The Mahabharata of Krishna-Dwaipayana Vyasa Bk. 3 Pt. 2 eBook

This eBook from the Gutenberg Project consists of approximately 521 pages of information about The Mahabharata of Krishna-Dwaipayana Vyasa Bk. 3 Pt. 2.
from malice strives to do what is good, attains wealth, virtue, happiness and heaven (hereafter).  Those who are purified of sins, wise, forbearing, constant in righteousness, and self-restrained enjoy continuous felicity in this as well as in the next world.  Man must follow the standard of virtue of the good and in his acts imitate the example of the righteous.  There are virtuous men, versed in holy writ and learned in all departments of knowledge.  Man’s proper duty consists in following his own proper avocation, and this being the case these latter do not become confused and mixed up.  The wise man delights in virtue and lives by righteousness.  And, O good Brahmana, such a man with the wealth of righteousness which he hereby acquires, waters the root of the plant in which he finds most virtue.  The virtuous man acts thus and his mind is calmed.  He is pleased with his friends in this world and he also attains happiness hereafter.  Virtuous people, O good man, acquire dominion over all and the pleasure of beauty, flavour, sound and touch according to their desire.  These are known to be the rewards of virtue.  But the man of enlightened vision, O great Brahmana, is not satisfied with reaping the fruits of righteousness.  Not content with that, he with the light of spiritual wisdom that is in him, becomes indifferent to pain and pleasure and the vice of the world influenceth him not.  Of his own free will he becometh indifferent to worldly pursuits but he forsaketh not virtue.  Observing that everything worldly is evanescent, he trieth to renounce everything and counting on more chance he deviseth means for the attainment of salvation.  Thus doth he renounce the pursuits of the world, shunneth the ways of sin, becometh virtuous and at last attaineth salvation.  Spiritual wisdom is the prime requisite of men for salvation, resignation and forbearance are its roots.  By this means he attaineth all the objects of this desire.  But subduing the senses and by means of truthfulness and forbearance, he attaineth, O good Brahmana, the supreme asylum of Brahma.”  The Brahmana again enquired, “O thou most eminent in virtue and constant in the performance of the religious obligations, you talk of senses; what are they; how may they be subdued; and what is the good of subduing them; and how doth a creature reap the fruits thereof?  O pious man, I beg to acquaint myself with the truth of this matter."’”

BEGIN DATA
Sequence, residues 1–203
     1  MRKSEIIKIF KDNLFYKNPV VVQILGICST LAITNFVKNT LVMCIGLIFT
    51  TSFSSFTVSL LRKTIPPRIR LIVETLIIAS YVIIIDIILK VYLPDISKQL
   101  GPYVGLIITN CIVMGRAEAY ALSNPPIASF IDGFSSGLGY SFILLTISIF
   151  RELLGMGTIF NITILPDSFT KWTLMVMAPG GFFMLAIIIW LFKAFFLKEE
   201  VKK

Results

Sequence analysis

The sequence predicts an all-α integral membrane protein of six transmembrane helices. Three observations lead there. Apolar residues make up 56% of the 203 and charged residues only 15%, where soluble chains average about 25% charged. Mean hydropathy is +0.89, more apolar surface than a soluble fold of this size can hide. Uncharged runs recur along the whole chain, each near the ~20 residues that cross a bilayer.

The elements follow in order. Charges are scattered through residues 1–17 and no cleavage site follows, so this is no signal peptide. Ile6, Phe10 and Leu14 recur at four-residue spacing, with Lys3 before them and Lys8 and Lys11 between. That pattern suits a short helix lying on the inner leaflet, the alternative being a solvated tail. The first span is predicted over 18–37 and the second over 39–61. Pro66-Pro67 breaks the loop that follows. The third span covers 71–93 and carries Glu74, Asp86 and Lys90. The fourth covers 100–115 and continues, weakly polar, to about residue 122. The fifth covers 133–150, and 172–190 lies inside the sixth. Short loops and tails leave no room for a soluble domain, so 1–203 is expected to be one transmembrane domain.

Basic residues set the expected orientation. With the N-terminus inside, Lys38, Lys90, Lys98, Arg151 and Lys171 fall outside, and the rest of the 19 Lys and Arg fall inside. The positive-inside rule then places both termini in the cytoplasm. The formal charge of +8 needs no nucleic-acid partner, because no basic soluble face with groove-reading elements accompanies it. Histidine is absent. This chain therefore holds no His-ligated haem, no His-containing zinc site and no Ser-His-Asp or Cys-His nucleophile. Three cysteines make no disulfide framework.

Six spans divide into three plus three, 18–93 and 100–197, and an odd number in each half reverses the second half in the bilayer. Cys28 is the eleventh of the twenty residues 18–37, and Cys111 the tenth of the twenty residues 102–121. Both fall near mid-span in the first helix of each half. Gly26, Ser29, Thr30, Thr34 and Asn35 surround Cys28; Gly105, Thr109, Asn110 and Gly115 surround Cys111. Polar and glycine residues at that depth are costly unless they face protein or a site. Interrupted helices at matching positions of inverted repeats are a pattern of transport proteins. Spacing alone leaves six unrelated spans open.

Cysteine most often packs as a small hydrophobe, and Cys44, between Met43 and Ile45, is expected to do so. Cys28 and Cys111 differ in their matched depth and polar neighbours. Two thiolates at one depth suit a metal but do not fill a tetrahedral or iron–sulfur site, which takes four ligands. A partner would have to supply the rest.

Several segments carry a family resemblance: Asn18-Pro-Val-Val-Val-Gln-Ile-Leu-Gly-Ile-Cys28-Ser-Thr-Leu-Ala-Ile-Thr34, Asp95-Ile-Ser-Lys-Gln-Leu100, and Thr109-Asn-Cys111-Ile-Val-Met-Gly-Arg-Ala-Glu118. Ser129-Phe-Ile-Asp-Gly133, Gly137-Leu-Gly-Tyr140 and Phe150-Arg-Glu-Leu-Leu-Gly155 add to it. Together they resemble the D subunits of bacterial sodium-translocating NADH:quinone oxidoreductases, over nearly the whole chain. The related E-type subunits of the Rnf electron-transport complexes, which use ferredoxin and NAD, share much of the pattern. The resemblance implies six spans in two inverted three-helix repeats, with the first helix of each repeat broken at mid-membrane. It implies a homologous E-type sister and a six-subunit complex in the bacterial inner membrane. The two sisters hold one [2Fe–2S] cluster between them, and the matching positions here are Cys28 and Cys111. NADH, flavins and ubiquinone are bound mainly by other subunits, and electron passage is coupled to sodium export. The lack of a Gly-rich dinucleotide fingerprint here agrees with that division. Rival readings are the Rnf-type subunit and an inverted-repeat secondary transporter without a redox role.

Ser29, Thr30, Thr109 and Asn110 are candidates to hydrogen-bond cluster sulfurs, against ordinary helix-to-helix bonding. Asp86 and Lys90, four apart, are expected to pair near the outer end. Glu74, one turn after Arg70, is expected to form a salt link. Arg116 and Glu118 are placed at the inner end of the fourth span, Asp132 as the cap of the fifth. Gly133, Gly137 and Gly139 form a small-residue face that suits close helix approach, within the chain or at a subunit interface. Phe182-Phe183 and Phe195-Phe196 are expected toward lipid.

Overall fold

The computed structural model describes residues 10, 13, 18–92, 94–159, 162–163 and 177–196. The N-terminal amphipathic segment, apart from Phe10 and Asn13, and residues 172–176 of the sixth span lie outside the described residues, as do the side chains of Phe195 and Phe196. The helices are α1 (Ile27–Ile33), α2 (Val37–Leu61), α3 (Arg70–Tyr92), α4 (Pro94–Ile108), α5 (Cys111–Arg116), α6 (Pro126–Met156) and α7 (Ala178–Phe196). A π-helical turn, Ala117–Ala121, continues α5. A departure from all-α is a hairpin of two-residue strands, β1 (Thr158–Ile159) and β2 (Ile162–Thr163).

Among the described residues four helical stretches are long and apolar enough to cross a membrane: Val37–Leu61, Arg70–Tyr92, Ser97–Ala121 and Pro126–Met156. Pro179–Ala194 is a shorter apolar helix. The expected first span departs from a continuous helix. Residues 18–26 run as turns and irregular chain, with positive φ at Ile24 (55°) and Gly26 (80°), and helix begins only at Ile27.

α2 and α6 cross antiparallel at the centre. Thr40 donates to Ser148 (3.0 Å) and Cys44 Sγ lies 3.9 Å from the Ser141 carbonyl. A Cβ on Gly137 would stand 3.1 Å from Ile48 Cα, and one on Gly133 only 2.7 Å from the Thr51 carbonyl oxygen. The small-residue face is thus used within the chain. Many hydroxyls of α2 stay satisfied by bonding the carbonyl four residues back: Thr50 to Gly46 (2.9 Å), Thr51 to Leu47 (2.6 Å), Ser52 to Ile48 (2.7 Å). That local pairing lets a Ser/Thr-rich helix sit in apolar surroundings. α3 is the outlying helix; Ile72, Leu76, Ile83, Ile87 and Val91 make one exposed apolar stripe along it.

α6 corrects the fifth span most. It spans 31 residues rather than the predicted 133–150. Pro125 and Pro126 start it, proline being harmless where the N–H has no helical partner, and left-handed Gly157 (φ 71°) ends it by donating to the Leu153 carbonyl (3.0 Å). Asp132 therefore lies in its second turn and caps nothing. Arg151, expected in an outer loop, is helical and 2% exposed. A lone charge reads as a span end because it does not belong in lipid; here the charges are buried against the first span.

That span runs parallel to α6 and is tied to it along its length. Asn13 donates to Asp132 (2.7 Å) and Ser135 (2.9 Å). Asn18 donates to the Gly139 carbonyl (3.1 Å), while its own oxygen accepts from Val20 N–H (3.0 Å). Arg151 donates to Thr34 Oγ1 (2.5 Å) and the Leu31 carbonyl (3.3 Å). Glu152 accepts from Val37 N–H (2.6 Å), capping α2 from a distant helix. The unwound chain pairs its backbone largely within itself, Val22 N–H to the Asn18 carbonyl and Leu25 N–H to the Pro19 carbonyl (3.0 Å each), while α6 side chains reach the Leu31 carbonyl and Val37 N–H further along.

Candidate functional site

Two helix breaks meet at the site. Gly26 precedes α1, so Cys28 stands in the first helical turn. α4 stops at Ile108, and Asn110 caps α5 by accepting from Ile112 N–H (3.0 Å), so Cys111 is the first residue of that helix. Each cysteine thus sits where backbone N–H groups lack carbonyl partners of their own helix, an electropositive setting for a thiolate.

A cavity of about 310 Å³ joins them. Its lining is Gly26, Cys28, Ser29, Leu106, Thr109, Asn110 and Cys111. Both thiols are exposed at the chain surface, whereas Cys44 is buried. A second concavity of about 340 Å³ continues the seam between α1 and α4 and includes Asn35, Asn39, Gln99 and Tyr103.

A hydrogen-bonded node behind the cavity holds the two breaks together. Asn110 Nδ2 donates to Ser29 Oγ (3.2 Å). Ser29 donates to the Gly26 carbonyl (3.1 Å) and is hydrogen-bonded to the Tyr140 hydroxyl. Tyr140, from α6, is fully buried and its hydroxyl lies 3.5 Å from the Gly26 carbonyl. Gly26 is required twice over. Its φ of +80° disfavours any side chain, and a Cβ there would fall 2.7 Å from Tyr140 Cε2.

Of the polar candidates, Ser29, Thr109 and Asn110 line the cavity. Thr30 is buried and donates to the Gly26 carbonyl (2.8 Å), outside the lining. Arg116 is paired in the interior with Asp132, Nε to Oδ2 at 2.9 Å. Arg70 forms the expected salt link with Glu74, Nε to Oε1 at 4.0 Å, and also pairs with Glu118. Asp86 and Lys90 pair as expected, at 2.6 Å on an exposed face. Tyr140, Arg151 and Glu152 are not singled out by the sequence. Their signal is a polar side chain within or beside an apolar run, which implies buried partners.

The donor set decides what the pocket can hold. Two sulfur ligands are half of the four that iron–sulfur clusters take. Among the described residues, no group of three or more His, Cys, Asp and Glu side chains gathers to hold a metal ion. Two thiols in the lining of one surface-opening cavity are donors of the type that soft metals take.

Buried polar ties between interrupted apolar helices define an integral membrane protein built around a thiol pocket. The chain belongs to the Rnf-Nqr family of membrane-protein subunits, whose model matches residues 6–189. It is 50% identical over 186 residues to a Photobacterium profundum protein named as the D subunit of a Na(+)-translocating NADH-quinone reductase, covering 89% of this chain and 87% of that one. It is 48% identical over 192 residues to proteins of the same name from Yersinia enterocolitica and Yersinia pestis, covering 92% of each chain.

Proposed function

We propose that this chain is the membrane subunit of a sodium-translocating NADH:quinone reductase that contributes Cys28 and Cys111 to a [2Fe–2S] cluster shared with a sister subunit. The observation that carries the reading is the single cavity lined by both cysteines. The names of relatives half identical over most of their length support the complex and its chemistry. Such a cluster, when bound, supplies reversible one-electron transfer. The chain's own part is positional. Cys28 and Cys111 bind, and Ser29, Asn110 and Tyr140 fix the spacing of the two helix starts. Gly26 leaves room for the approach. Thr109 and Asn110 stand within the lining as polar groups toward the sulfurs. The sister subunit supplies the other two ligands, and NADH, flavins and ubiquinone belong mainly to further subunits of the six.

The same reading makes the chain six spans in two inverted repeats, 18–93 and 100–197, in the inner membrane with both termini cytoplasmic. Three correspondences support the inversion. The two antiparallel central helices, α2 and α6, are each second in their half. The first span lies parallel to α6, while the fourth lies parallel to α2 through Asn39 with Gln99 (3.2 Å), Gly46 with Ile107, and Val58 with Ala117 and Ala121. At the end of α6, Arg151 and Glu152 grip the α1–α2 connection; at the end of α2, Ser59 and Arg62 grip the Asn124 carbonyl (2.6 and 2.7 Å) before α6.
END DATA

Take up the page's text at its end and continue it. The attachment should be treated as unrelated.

“Markandeya continued, ’Hear, O king Yudhishthira what the virtuous fowler, thus interrogated by that Brahmana, said to him in reply.  The fowler said, “Men’s minds are at first bent on the acquisition of knowledge.  That acquired, O good Brahmana, they indulge in their passions and desires, and for that end, they labour and set about tasks of great magnitude and indulge in much-desired pleasures of beauty, flavour, &c.  Then follows fondness, then envy, then avarice and then extinction of all spiritual

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The Mahabharata of Krishna-Dwaipayana Vyasa Bk. 3 Pt. 2 from Project Gutenberg. Public domain.
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